This Land Is Your Land

The Center for Land Use Interpretation surveys the American terrain.

Landfills and prisons and dams, oh my! Visitors to the Land Use Database ( will find these and a lot more—bombing ranges, nuclear test sites, UFO sighting spots, the World’s Largest Thermometer—all cataloged with location information, links, and brief, often pithy descriptions. The database is a creation of the Center for Land Use Interpretation (CLUI), a Los Angeles–based research and education organization that since 1994 has been documenting the reshaping of the natural landscape in the United States, from the mundane (tunnels, bridges) to the notorious (Alcatraz, Three Mile Island) to the comically bizarre (the Amazing Maize Maze, the Big Muskie Coal Scoop Bucket). Part sober documentation of the man-made environment, part slyly humorous conceptual-art project, it’s an enterprise that can take a while to wrap one’s head around.

A new monograph—Overlook: Exploring the Internal Fringes of America with the Center for Land Use Interpretation, published this fall by Metropolis Books—should help. Illustrated with more than 300 photos taken largely from the Land Use Database (only a portion of which is available online), the book is organized into thematic chapters with subjects ranging from terrestrial features in the state of Ohio to the subterranean world of cave tourism. “In a sense it’s a sample of the different approaches we have to presenting materials,” says Matthew Coolidge, founder and director of the center, who edited the book with CLUI curator Sarah Simons.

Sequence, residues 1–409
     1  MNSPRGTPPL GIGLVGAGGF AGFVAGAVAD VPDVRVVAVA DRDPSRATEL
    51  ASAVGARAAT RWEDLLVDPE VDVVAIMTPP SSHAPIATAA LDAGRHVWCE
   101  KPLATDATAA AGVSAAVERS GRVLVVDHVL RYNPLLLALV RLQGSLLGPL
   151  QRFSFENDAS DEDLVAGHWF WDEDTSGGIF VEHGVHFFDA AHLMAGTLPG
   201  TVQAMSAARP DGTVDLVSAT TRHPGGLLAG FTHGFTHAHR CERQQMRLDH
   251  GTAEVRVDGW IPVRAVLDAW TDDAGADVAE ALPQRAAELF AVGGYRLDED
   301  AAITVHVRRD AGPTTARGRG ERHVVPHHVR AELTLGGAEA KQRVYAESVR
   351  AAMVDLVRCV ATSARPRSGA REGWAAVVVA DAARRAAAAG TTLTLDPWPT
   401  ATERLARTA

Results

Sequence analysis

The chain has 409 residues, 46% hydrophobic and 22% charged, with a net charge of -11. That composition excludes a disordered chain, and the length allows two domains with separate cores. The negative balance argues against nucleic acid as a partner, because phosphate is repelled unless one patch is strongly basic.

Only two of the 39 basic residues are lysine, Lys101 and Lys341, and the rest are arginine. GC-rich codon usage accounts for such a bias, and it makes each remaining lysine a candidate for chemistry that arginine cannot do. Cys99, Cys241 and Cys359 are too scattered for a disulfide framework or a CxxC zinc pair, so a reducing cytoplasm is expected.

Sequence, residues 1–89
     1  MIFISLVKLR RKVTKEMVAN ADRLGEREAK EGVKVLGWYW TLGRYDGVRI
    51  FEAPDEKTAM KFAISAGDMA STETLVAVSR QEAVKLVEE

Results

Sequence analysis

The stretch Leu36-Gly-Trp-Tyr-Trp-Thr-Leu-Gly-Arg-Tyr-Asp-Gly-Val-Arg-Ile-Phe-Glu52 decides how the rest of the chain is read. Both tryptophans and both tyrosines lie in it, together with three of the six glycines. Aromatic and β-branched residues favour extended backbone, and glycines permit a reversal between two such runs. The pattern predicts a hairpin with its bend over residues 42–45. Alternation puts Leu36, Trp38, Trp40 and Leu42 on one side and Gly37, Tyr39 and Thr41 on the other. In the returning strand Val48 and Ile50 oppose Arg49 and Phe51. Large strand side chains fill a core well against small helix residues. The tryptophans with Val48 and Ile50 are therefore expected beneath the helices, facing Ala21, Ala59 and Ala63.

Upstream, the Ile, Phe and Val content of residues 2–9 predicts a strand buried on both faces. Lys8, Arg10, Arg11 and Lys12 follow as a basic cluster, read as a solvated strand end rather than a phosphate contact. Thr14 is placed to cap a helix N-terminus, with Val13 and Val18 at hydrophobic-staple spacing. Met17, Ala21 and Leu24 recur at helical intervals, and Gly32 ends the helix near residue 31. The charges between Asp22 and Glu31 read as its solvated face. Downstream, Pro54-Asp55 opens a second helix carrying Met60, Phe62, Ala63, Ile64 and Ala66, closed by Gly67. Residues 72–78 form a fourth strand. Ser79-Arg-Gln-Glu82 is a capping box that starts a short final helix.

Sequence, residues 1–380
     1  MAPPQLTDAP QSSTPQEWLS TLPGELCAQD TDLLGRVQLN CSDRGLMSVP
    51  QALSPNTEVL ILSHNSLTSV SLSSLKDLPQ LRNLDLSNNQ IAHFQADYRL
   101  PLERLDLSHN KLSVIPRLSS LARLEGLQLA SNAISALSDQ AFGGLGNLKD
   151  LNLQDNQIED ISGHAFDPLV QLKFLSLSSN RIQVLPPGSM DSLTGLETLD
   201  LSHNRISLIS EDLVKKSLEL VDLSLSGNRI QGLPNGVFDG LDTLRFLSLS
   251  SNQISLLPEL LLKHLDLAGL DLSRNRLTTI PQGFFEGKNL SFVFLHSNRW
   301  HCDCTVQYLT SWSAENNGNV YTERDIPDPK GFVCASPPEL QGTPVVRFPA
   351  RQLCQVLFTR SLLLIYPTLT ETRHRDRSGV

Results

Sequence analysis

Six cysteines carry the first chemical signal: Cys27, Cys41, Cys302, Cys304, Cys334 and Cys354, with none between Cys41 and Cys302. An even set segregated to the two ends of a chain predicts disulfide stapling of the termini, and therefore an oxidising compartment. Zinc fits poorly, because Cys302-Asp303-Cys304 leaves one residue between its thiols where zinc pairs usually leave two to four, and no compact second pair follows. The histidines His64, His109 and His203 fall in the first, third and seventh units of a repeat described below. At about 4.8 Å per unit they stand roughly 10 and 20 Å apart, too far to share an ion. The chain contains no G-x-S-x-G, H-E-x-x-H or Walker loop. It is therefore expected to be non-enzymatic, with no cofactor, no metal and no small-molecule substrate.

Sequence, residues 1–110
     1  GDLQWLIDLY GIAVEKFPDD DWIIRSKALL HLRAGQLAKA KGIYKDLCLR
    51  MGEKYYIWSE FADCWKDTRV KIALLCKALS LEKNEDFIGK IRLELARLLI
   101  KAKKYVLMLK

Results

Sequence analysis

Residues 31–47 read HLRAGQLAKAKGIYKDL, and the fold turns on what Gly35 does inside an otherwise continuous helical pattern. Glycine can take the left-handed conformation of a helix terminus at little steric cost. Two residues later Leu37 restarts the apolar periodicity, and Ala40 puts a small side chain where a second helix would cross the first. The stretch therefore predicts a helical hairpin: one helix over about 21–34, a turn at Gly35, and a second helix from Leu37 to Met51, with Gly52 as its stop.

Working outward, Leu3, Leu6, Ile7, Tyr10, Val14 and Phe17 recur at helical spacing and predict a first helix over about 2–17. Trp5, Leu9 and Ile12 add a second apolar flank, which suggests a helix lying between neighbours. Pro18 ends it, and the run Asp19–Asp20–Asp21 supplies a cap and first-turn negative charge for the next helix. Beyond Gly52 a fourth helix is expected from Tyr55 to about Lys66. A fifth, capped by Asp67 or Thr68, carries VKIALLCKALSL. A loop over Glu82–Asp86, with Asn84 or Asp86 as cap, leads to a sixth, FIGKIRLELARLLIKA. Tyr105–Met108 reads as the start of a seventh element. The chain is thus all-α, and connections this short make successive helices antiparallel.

Indeed the center is involved in an overwhelming array of activities: it mounts regular exhibitions, publishes books and a newsletter, conducts lectures and public tours, and is developing the American Land Museum, a network of landscape exhibition sites across the country. In addition to its L.A. office, the center has a research station in the Mojave Desert; a recently opened exhibition space in Troy, New York; and a complex in Wendover, Utah, where it sponsors a residency program for artists, researchers, and theorists.

But the core of the CLUI’s enterprise remains the Land Use Database, which grows out of research for the center’s many other activities, as well as suggestions from participants. (A standardized “site characterization” form asks for name, location, and “any information that might be important to visitors, such as accessibility, toxic hazards, admission charge, etc.”) Ultimately the emphasis—despite CLUI’s name—is on documentation, not interpretation. As Coolidge says of an exhibition of land-use sites along the Hudson River, opening next month in Troy, “We aren’t advocating for one thing or another. We’re saying, ‘This is what’s happening; here is how the landscape is changing.’” It’s a project that can seem by turns inscrutable, comic, and profound—a fitting reflection of the evolution of America’s built landscape.

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